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West

JUST WEST OF THE CANNON ROAD EXIT off Interstate 5 in Carlsbad is one of the prettiest service stations you’ve ever seen. And right next door is West, part of a complex that will include a hotel and occupies USDA prime real estate just a wink and a wave from the Pacific.

West opened confidently, quietly and without the usual tsunami of press releases toward the close of 2005. Determined to be a major player among the county’s big-time, destination eateries, this steakhouse luxuriously re-creates the roadhouses at which party-minded, small-city Americans dined and drank during and after Prohibition. Every detail makes evident the bucks the proprietors poured into the place.

The lighting—dim, moody and terrifically atmospheric—loads West with style. The place may seem dark, but at these prices, who wants to see the soup stains on the shirt of the guy at the next table? The barrel ceiling soars almost out of sight and supports a sextet of sexy, reddish lamps that cast a classy glow over well-styled coiffures and upscale sports clothes. The only neckties present hang from the necks of the managers and black-clad servers. An open kitchen stretches nearly the length of the vast square room. On facing walls, frosted-glass panels that imitate windows are backed by lights that cycle though a palette of shades from lemon-lime soda to sapphire blue.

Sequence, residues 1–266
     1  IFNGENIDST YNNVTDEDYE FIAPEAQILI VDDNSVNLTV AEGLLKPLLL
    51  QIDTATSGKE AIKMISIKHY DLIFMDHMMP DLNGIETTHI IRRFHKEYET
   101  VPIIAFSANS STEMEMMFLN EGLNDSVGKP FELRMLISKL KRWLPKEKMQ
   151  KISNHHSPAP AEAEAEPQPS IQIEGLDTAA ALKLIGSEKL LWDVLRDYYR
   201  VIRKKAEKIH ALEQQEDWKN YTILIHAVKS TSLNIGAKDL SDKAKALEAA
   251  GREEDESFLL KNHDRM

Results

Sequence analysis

When they designed West, the proprietors prefaced every detail with the word “big.” Yards of ivory cloth swath large, square tables that support foot-high pillar candles. The cutlery is serious; order a steak and you’ll be provided a Gulliver-size knife, which one guest waved like a sword, saying, “With a blade like this, your dinner partner had better behave.”

And the prices are big, too—appetizers rise from $9.95 for a mound of creamy semolina polenta baked with ratatouille, wild mushrooms and Gorgonzola to $18.95 for a plate (a big plate) of duck confit with foie gras. Steaks start at $28.95 for a 6-ounce USDA prime filet and rise to $49.95 for a 16-ounce, certified Angus New York cut (or surf West’s extravagant turf with a $54.95 combo of 6-ounce filet and 7-ounce lobster tail).